According to Indian government regulations, any entity having
more than 20 per cent equity participation in a broadcasting
company cannot have more than 20 per cent equity in a distributor
(MSO/Cable, DTH, HITS, Mobile TV) and vice- versa.
have the option to become an equal joint venture partner in
Tata Sky. But there is a cross-media regulation in India,"
Shankar tells Indiantelevision.com.
this regulation unfair? "Yes, it is. The government has
mandated digitisation in the country (by 31 December 2014)
and there will be a huge funding requirement that will not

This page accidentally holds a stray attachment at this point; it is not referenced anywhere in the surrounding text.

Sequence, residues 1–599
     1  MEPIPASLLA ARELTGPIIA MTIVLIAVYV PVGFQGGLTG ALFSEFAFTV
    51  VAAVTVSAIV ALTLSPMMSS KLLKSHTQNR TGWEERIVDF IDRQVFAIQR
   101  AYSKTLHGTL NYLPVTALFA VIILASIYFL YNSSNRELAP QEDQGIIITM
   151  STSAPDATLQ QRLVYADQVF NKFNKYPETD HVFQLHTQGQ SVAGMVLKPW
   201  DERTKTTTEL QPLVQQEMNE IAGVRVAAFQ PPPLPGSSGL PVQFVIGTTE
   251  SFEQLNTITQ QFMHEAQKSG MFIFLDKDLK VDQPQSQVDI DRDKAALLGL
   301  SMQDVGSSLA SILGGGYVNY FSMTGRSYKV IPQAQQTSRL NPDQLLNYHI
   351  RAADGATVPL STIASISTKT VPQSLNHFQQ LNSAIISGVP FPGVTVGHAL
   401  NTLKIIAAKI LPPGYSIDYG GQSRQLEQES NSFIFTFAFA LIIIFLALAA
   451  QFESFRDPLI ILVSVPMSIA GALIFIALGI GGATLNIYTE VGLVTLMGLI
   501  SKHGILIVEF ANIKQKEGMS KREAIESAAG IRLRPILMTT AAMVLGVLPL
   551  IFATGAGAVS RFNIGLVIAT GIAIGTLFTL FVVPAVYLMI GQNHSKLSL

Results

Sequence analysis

be available locally. The recent decision to up the ceiling
on foreign direct investment to 74 per cent is a positive
step. But for global strategic investors to come in, it is
necessary to do away with cross-media restrictions. And if
strategic investors don't come in, then financial investors
will not find it that attractive. In any case, the cross-media
restriction has been violated by at least three players having
broadcast interests. It has only discouraged clean, legitimate
players," says Shankar.
2010, Star India had applied for FIPB (foreign investment
promotion board) clearance to buy a 49 per cent stake in Tata
Group's investment firm TS Investments, which would hold a
20 per cent stake in Tata Sky for Rs 3.24 billion.